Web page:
A heads up, the following grooves are fairly difficult. They are based on accented paradiddles and paradiddle inversions, so familiarise yourself with those before you attempt these. Otherwise you might struggle! It's also a good idea to use a metronome.
Grooves 1-3 use the paradiddle (1), inverted paradiddle (2) and reverse paradiddle (3) for the snare and hi-hat parts. For the sake of simplicity I've used the same bass drum pattern in each groove. If you struggle with the coordination, simplify the grooves by ignoring the ghost note and accents. You can add them back in once the groove feels more natural to play.
Grooves 4-6 combine half a bar of two different paradiddles. ‘4’ combines the paradiddle and inverted paradiddle, ‘5’ the paradiddle and reverse paradiddle, and ‘6’ the inverted paradiddle and reverse paradiddle. Again, I've used the same bass drum pattern in each groove.
Grooves 7 & 8 feature the paradiddle, inverted paradiddle and reverse paradiddle in a random order. I have also changed the bass drum pattern in each example. It's a good idea to get comfortable with the groove's sticking pattern before adding the bass drums.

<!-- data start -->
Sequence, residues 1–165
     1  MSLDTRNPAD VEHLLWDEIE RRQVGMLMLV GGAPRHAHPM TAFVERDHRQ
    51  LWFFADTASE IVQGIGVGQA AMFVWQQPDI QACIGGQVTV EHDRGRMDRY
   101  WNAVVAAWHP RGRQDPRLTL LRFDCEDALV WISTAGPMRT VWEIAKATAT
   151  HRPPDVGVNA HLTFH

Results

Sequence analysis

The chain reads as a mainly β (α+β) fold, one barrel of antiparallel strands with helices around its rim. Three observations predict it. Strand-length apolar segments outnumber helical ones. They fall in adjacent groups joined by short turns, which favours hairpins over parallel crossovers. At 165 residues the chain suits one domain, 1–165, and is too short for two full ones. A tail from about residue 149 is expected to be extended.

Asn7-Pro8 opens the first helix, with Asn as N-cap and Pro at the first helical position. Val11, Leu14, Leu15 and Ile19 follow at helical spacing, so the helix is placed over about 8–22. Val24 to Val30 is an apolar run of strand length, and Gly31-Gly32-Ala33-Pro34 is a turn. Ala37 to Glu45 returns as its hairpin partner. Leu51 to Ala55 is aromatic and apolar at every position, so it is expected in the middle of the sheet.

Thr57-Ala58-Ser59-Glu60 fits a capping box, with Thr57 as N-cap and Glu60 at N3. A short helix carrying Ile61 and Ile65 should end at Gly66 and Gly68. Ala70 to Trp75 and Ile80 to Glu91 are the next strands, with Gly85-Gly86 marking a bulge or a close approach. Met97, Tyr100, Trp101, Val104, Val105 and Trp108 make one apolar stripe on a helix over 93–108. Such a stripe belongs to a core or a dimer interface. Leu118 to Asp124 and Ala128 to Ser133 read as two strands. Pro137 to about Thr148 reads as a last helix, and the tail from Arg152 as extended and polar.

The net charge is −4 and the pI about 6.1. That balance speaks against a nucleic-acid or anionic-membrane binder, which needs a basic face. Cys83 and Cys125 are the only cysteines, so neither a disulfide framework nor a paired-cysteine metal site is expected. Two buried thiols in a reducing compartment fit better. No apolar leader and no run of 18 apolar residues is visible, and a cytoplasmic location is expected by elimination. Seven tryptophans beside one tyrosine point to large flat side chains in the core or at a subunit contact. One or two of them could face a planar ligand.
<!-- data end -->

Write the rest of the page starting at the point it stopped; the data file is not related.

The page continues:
Grooves 9-11 incorporate ideas from the Accented Paradiddles lesson, which results in displaced snare accents — accents that are no longer exclusively on the second and forth beat of the bar. These grooves are fun to play but technically challenging. As with the previous exercises, start with the sticking pattern before adding the bass drums.
Once you can play 1-11 get creative. These grooves are just examples so try changing the bass drum patterns or moving the accents to different parts of the beat to make your own variations.
PDF download: Paradiddle Grooves